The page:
Willie actually wrote it in less than an hour (originally titled “Stupid”), but in his 1988 book Willie: An Autobiography, he admitted that it was it was hard to find artists interested in recording it due to its use of several chords, instead of the standard three used for country music compositions at the time.

Patsy’s husband, Charlie Dick, who was a record promotor for Starday Records at the time, had previously brought her Willie’s song “Night Life,” but she hated it and told him not to bring her anymore Willie Nelson songs, because she didn’t want to sing about the vulnerability of topics like love and loss.

Can you even imagine saying something like that? Talk about “crazy…”

But in a 2010 interview with Mass Live, Willie told the whole story about how Charlie ended up getting Patsy to record what would ultimately become her signature song:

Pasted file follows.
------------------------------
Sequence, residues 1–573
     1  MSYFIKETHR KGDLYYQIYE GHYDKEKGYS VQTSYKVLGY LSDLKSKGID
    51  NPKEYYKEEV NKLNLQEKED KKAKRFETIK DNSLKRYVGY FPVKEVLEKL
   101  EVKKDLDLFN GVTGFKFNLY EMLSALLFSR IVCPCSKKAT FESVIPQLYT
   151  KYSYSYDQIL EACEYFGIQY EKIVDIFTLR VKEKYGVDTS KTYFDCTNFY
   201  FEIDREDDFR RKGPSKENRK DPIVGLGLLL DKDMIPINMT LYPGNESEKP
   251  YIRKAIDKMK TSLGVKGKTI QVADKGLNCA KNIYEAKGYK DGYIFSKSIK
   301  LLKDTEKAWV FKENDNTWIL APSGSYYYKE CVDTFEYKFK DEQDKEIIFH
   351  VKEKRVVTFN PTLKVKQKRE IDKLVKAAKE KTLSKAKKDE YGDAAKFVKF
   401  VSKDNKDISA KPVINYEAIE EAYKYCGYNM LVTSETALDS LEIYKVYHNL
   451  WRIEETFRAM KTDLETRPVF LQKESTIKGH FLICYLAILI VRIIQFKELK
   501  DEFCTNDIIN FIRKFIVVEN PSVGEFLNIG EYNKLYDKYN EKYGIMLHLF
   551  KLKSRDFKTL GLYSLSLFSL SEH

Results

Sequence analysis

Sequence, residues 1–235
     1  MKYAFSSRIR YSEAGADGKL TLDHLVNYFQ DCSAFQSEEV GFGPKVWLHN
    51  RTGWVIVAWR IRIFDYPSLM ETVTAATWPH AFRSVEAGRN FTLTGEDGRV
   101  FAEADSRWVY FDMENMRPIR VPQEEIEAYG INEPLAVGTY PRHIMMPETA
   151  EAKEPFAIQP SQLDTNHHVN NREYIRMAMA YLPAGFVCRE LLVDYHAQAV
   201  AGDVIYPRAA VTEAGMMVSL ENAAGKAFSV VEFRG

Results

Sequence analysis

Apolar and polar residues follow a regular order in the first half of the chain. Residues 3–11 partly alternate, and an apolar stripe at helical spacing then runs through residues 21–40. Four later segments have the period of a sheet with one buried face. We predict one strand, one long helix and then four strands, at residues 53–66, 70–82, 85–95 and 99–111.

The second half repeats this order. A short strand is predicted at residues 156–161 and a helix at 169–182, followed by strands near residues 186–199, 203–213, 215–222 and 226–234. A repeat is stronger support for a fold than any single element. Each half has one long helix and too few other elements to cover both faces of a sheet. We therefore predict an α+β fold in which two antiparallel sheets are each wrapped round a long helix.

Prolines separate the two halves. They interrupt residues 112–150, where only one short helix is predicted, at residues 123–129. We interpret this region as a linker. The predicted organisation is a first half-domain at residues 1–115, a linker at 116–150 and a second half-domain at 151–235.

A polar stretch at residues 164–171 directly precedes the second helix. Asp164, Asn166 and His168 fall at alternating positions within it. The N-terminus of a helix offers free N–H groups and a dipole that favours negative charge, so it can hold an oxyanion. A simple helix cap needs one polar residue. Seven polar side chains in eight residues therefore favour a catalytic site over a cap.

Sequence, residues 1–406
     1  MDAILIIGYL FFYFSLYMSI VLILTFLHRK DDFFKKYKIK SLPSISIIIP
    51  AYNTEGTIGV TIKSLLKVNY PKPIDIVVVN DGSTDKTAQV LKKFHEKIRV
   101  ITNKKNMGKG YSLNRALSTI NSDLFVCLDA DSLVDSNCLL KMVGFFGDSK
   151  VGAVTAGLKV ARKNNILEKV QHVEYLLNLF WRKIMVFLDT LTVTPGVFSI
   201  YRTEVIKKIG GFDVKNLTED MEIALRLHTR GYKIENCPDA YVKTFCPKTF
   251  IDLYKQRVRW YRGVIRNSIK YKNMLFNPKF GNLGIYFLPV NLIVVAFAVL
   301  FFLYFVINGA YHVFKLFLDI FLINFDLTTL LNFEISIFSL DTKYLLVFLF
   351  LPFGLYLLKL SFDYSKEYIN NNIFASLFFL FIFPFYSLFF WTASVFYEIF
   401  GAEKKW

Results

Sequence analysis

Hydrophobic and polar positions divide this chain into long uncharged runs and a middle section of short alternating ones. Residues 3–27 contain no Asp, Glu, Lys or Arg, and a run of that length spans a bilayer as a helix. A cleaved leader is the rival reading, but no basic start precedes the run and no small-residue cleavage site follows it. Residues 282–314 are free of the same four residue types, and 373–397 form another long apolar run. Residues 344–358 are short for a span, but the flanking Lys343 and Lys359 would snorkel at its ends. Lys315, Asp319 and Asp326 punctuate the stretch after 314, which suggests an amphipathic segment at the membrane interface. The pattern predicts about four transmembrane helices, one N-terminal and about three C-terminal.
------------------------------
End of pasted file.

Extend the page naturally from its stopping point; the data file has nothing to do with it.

“I first met her one night back there in Tootsies Bar, drinking a little beer and her husband Charlie Dick was there and we were talking, listening to some songs that I’d just brought up from Texas.

I had Tootsie put a couple of 45s on her jukebox. One of them had ‘Crazy’ and ‘Night Life.’ And Charlie Dick just really loved ‘Crazy’ and wanted to play it for Patsy.”

I guess Patsy left the famous Nashville bar much earlier than her husband and Willie did, because Charlie wanted her to record it so bad that, eventually, he drove Willie to their house and got his wife out of bed to listen to it.

Though Willie admits they were probably too drunk to be doing all of that in the middle of the night, and probably also thought Charlie had a death wish going and waking his wife up like that, it worked out favorably for all of them in the end: